Creatives optimistic as theatres ready to reopen
Manuel Ntoyai @Manuel_Ntoyai
Creatives who normally utilise theatre facilities for their activities have been hard pressed by their closure due to the Covid-19 crisis.
But operations are expected to return as protocols to reopen are being mooted, writes Manuel Ntoyai
Save for the few groundsmen going on with their day-to-day jobs, the Kenya Cultural Centre (KCC) in Nairobi is now unusually quiet for a place that has always been a beehive of creative activities and booked for months on end.
The Covid-19 pandemic has given the centre a blow like no other since it’s establishment in 1952.
In some countries social gatherings are still strictly banned, while some have normalised operations, but under a number of guidelines provided by local authorities including the respective health ministries.
In the USA, for instance, the Broadway League—the national trade association for the theatre industry across the North America—has cancelled all shows in 2020, with possibilities of having full houses by next year.
In the meantime, it has said it’s working with city (New York City), state officials and health experts on protocols for reopening.
“Our membership is working closely with the theatrical unions and in concert with key experts and some of the greatest minds inside and outside of the industry to explore protocols for all aspects of reopening.
We are focused on identifying and implementing necessary measures that will enable us to resume performances safely for Broadway audiences and employees,” Broadway League president Charlotte St Martin said in a release.
Locally, as the country gears towards flattening the curve and resumption of activities, creative spaces are also busy developing protocols and proposals to have their places of businesses ready for reopening once given the green light to do so.
“We have developed a protocol for reopening, with considerations from the guidelines from the Ministry of Health.
This includes 50 per cent reduction of the audiences, have our staff tested regularly and have Personal Protective Equipment for our workers, thermo guns, and reduce the attendees by half,” KCC acting chief executive officer Michael Pundo tells Spice.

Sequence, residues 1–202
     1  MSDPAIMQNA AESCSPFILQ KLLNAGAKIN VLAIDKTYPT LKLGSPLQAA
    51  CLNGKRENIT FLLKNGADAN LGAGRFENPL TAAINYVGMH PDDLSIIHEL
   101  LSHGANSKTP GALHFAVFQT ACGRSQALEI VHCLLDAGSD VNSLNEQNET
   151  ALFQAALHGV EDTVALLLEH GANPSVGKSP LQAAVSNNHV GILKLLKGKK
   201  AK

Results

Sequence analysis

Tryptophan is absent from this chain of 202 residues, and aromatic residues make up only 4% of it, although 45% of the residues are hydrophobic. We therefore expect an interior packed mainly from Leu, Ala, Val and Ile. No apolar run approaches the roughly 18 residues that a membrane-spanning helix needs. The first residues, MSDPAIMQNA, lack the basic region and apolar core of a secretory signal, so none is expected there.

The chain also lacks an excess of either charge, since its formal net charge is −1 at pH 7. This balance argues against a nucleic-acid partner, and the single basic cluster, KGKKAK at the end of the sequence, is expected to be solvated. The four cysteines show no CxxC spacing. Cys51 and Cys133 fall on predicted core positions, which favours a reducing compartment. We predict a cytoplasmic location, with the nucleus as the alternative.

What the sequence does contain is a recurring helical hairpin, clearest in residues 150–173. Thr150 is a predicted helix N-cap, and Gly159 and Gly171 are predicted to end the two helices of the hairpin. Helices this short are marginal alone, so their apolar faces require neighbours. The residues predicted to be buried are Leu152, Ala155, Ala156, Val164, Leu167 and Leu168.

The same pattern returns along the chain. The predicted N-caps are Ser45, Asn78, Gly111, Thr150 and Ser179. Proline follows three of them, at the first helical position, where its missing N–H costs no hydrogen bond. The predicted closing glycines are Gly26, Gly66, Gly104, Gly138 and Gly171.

Pundo adds that there are also plans to introduce virtual programming, which would see plays uploaded online after recording.
“Technology advancement, especially in this digital era provides an opportunity to introduce products such as pay-per-view for audiences who might not have time to come physically to the theatres.
This is evidenced when we did the stimulus package production countrywide, an activity whose content is being streamed online and recording very impressive feedback,” he says.
He adds that the pandemic has presented an opportunity for creatives to push themselves beyond the norms and leverage on influencing and growing their online presence.
“When we rolled out the stimulus package, we reached out to more than 1,500 artistes and from my observations, there is a lot of content out there and instead of creatives waiting for a big break, they can start by going online and sharing their work there.
From there, they can grow their brands into households names and still grow tremendously under the KCC setup,” says Pundo.
In Mombasa, plans to resume activities at the Little Theatre Club are underway, with the facility having acquired a Covid-19 certificate from the Health ministry.
“When it comes to interactions, the artistes have to observe social distancing during rehearsals.
All these things are being considered even as we develop other in-house protocols because we are not going to have 100 per cent capacity any time soon,” says Little Theater Club chairman Pete Odote.
Creatives at the Sarakasi Dome in the Ngara area of Nairobi have also resumed training amidst a number of in-house regulations that aim at seeing them do their work in the safest possible ways.
“Our dancers have resumed training twice a week and have opened space for artistes who want to shoot their music videos and dance clips.
Deejay Kace has also been using the facility for his night events. We are also planning on resuming our project at the Coast in October,” says Sarakasi Trust managing director Marion Van Dijck.
At the Nakuru Players Theatre, creatives went ‘MIA’ following the closure of open spaces, with majority of them having been busy on school set-books.
“We have come almost to a stop because people no longer come to the theatre.
When we were recording content for the stimulus package, there was some buzz, but it has also died.
We are trying to see if people can resume trainings, although there is still some fear factor,” says Nakuru Players Theatre treasurer Francis Gachao.